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Worms: The latest in semiconductor manufacturing

Posted: , by Maxwell R.

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Worms: The latest in semiconductor manufacturing
While semiconductors are not the first thing you envision when you think of worms, it maybe should not come as a surprise when nature shows just how much of a genius it is.

Scientists at King’s College in London have discovered that worms manufacture tiny semiconductors. They made this discovery when they fed the ordinary red worm soil laced with metals. The worms would produce quantum dots which are nano-sized semiconductors found in solar cells and LED technology.

When the worms ate their way through the soil, their ability to detoxify their own bodies enabled them to produce proteins which would eventually transport the metals out of the body. The soil that the scientists used was laced with cadmium chloride and sodium tellurite. The researchers knew that the worms would be able to handle the cadmium chloride, but there were not sure what would happen with the sodium tellurite. The worms ended up producing tiny crystalline particles of cadmium telluride – quantum dots measuring nanometers across.

Before you venture out and start buying futures contracts on worm related commodities, you should know that the scientists do not see this as a manufacturing opportunity. However, it does reveal that materials can be synthesized, solid-state chemistry, can occur in a living animal. The end product is not the same quality as what is produced through current manufacturing processes either.

What this does show however is that Mother Nature has a never ending collection of tricks up her sleeve and with discoveries like this, it is usually only a matter of time before someone finds a way to commercialize the idea, whether it is for cadmium telluride, or perhaps other naturally synthesized compounds which may find applications in other areas of technology. Meanwhile, we anxiously await the day when we can plant an old Samsung Galaxy S II in the soil and the worms push out a shiny new Galaxy S IV or Note II to harvest.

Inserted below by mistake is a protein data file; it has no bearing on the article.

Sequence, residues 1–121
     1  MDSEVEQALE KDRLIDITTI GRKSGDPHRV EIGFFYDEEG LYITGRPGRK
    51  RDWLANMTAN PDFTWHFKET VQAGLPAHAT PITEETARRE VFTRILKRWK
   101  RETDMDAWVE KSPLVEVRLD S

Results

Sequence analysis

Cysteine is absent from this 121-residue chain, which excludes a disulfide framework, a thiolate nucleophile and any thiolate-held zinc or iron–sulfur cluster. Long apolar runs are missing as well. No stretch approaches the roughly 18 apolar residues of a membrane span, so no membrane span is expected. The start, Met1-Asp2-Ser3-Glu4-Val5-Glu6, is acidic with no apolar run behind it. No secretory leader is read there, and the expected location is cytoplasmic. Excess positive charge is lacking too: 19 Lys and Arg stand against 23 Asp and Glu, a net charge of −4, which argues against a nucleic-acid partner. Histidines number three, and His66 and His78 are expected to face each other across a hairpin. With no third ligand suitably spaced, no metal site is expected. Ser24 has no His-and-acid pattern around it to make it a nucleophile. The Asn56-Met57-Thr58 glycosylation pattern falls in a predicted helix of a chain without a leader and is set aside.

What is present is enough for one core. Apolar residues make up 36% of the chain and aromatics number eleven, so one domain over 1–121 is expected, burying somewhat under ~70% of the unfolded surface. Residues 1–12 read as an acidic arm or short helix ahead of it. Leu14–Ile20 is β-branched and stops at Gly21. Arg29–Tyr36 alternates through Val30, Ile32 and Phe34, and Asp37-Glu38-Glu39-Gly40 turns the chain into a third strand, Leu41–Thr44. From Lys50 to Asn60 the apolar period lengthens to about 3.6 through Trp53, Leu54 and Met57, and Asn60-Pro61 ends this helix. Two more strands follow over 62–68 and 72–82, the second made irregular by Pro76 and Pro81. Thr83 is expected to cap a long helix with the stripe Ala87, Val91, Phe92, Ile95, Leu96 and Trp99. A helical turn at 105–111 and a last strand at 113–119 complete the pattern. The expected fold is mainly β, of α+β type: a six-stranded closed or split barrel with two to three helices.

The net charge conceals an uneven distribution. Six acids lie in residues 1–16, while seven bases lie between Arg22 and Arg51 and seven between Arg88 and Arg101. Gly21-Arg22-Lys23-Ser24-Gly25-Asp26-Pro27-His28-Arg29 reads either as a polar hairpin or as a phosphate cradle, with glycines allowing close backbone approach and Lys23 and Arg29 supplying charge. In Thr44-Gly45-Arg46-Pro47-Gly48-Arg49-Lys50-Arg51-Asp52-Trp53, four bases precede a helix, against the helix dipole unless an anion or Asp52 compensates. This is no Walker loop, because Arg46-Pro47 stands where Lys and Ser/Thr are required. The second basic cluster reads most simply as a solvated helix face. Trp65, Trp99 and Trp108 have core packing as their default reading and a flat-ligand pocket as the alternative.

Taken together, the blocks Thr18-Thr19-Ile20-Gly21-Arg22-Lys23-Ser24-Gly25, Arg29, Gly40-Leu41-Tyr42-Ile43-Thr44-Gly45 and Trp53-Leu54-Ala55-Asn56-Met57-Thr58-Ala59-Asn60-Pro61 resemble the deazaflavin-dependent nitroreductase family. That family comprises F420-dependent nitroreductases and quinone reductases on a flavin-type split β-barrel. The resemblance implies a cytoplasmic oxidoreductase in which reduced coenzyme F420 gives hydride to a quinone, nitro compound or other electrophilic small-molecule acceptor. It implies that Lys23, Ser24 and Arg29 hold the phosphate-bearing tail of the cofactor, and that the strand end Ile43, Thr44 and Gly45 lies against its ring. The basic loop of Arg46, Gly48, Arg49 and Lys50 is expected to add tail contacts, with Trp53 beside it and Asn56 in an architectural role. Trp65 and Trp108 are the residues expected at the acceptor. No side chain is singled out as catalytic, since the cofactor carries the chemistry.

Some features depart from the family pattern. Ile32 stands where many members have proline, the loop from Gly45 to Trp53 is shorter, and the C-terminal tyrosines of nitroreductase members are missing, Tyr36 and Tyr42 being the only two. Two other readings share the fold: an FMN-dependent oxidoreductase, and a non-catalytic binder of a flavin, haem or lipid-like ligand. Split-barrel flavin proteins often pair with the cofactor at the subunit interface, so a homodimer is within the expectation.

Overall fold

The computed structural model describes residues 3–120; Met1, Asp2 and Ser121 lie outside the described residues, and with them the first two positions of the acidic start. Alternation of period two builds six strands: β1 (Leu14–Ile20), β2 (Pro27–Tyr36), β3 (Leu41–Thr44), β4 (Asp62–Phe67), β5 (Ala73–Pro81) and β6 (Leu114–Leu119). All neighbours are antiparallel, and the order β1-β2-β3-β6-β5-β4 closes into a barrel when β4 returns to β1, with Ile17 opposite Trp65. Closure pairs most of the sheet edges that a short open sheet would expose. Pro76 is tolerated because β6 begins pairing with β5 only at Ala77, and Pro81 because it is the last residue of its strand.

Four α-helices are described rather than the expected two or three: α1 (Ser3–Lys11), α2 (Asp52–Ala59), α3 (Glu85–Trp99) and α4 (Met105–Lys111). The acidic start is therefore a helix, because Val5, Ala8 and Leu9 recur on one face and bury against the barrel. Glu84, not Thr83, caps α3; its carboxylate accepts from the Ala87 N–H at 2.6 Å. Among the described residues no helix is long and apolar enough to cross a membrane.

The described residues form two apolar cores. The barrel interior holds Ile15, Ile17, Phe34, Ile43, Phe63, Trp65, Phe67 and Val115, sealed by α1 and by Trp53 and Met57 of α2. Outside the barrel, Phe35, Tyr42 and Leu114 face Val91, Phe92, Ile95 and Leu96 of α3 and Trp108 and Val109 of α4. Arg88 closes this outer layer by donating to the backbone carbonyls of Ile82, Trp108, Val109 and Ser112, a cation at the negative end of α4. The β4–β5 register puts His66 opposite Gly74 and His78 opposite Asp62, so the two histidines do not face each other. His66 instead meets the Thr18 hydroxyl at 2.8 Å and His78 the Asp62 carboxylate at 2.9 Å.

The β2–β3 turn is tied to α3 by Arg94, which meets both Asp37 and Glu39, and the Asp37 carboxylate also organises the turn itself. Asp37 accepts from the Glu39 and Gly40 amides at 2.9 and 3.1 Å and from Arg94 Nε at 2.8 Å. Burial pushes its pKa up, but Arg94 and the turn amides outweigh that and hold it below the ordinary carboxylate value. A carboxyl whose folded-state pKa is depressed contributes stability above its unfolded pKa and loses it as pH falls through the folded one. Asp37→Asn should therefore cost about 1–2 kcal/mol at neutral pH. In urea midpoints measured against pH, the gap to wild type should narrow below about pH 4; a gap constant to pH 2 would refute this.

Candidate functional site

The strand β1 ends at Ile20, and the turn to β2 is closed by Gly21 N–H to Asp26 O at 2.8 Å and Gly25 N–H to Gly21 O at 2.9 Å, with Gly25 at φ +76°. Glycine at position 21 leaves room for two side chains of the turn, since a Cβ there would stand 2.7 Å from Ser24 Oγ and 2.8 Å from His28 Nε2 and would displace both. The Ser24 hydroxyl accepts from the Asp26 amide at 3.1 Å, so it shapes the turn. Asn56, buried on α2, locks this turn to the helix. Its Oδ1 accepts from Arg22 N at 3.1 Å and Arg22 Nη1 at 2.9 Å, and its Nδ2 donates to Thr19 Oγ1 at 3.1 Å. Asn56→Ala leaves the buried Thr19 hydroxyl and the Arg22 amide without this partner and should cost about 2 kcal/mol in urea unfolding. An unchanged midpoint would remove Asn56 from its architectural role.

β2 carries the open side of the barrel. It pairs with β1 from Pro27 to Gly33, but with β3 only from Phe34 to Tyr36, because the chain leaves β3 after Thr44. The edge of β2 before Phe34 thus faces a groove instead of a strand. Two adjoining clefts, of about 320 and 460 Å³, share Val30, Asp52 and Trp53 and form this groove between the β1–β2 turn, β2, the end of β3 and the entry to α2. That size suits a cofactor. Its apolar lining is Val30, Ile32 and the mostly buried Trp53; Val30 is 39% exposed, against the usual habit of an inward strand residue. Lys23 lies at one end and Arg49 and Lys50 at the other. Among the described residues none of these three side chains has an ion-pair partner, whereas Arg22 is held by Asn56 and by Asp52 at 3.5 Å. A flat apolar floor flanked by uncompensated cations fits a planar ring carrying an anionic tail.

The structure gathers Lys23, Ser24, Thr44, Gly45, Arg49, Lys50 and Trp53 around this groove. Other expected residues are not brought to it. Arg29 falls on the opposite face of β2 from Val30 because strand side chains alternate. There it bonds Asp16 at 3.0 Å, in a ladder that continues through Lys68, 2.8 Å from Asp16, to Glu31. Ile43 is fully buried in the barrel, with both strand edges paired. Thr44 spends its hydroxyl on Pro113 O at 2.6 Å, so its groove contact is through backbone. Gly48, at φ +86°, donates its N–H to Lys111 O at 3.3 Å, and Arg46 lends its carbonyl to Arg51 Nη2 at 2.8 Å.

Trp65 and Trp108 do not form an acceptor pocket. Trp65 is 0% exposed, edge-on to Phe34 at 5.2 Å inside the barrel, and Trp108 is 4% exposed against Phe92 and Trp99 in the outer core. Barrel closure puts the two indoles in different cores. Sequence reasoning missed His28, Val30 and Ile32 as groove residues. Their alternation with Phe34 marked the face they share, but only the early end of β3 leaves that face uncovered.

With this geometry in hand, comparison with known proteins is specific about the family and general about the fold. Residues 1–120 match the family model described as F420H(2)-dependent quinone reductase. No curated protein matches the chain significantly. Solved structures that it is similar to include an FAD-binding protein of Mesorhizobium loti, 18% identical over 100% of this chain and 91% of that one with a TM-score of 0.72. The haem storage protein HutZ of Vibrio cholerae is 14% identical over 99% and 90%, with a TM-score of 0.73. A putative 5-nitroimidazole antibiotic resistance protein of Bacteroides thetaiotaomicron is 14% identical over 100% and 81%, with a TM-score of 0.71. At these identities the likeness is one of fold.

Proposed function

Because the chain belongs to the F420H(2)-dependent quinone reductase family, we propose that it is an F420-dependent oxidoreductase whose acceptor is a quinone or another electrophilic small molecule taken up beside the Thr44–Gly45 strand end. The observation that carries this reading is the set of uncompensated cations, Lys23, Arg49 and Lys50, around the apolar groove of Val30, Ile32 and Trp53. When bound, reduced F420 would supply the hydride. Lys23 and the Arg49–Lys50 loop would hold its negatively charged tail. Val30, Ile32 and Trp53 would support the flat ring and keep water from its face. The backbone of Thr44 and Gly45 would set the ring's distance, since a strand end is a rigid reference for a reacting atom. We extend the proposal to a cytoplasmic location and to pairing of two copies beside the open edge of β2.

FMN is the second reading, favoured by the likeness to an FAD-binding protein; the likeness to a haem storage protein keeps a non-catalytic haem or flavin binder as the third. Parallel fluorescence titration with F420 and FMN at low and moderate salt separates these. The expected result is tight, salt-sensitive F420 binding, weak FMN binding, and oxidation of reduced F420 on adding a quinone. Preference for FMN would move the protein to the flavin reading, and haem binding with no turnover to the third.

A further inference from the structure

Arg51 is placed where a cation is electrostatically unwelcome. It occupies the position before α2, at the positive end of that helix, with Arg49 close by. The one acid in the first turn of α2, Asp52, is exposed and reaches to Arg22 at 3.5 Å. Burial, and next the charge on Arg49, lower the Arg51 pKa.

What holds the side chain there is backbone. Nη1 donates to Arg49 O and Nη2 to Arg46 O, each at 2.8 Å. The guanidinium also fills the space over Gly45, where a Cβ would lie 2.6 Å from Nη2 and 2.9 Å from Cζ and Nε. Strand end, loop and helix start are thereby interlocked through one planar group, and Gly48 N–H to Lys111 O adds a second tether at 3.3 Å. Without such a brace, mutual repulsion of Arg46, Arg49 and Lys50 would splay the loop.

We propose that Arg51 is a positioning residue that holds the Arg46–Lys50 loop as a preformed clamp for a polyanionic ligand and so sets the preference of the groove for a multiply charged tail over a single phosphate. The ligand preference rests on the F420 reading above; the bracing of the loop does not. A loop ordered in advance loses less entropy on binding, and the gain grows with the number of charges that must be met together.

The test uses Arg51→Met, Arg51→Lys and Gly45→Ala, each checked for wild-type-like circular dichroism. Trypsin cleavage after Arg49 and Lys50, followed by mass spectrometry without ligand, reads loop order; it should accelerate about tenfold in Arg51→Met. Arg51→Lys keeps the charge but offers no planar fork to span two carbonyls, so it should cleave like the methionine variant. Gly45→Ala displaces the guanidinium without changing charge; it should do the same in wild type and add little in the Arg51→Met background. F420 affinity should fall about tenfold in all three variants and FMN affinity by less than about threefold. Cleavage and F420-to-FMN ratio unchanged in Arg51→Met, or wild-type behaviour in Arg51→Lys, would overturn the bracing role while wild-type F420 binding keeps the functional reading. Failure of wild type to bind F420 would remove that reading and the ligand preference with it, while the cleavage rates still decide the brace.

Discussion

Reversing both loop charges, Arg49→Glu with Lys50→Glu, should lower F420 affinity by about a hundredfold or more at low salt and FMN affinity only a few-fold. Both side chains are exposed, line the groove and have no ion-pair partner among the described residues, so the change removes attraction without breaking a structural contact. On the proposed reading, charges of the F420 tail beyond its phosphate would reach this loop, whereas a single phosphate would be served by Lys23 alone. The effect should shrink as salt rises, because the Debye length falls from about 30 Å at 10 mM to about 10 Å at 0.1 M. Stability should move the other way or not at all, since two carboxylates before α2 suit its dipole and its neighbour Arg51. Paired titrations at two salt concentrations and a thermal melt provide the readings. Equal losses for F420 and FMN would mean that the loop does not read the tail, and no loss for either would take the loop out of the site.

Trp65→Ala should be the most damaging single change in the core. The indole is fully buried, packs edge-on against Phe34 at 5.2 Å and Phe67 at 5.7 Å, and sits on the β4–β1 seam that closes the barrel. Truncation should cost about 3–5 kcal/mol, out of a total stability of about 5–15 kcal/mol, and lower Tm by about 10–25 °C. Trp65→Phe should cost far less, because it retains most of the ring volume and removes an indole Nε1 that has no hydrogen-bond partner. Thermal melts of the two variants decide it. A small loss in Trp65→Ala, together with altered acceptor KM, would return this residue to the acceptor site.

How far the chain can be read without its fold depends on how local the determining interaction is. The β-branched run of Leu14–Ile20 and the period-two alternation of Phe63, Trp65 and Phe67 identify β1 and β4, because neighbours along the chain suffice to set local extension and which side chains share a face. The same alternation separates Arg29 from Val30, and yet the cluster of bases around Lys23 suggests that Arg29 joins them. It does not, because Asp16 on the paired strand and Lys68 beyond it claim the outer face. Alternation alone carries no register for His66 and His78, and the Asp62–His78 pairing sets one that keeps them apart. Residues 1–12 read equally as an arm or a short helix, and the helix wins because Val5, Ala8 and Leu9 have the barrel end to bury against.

source: NBC News

6 Comments
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posted on 02 Jan 2013, 03:56 1

1. wendygarett (unregistered)


Never thought worm can do such things :)

posted on 02 Jan 2013, 04:59

2. lonestrider (Posts: 85; Member since: 31 Mar 2012)


so... Worm is the future of technology?

posted on 02 Jan 2013, 07:16 6

3. Danre (Posts: 85; Member since: 02 Sep 2012)


last line is amazing..............lol

posted on 02 Jan 2013, 16:44

4. rusticguy (Posts: 2828; Member since: 11 Aug 2012)


Let's see who makes it to the USPTO first with something based on this ... any guesses ?

posted on 03 Jan 2013, 01:05

5. phil2n (Posts: 474; Member since: 30 Apr 2012)


Apple all the way!!

Maybe they already start Applying that patent...

that rotten fruit again!!!!!...

posted on 04 Jan 2013, 13:24

6. Brewski (Posts: 121; Member since: 05 Jun 2012)


Telluride is a skiing mountain in Colorado.

Tellurite is the oxide mineral they are talking about.

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